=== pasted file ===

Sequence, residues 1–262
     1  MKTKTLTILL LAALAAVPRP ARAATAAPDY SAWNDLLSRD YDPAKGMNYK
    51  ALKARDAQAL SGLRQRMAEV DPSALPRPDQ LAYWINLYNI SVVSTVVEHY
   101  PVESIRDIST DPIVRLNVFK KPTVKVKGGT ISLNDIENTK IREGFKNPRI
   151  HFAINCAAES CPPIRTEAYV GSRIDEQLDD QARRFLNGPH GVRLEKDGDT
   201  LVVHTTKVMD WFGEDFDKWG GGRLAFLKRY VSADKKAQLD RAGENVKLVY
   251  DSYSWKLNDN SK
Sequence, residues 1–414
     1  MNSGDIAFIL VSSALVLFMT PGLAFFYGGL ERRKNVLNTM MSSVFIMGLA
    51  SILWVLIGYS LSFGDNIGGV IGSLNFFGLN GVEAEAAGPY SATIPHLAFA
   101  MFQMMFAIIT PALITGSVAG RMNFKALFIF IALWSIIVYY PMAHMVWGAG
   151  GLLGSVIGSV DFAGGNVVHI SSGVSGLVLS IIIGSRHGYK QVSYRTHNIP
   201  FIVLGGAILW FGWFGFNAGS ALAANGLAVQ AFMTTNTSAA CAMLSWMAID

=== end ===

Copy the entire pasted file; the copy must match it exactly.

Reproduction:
Sequence, residues 1–262
     1  MKTKTLTILL LAALAAVPRP ARAATAAPDY SAWNDLLSRD YDPAKGMNYK
    51  ALKARDAQAL SGLRQRMAEV DPSALPRPDQ LAYWINLYNI SVVSTVVEHY
   101  PVESIRDIST DPIVRLNVFK KPTVKVKGGT ISLNDIENTK IREGFKNPRI
   151  HFAINCAAES CPPIRTEAYV GSRIDEQLDD QARRFLNGPH GVRLEKDGDT
   201  LVVHTTKVMD WFGEDFDKWG GGRLAFLKRY VSADKKAQLD RAGENVKLVY
   251  DSYSWKLNDN SK
Sequence, residues 1–414
     1  MNSGDIAFIL VSSALVLFMT PGLAFFYGGL ERRKNVLNTM MSSVFIMGLA
    51  SILWVLIGYS LSFGDNIGGV IGSLNFFGLN GVEAEAAGPY SATIPHLAFA
   101  MFQMMFAIIT PALITGSVAG RMNFKALFIF IALWSIIVYY PMAHMVWGAG
   151  GLLGSVIGSV DFAGGNVVHI SSGVSGLVLS IIIGSRHGYK QVSYRTHNIP
   201  FIVLGGAILW FGWFGFNAGS ALAANGLAVQ AFMTTNTSAA CAMLSWMAID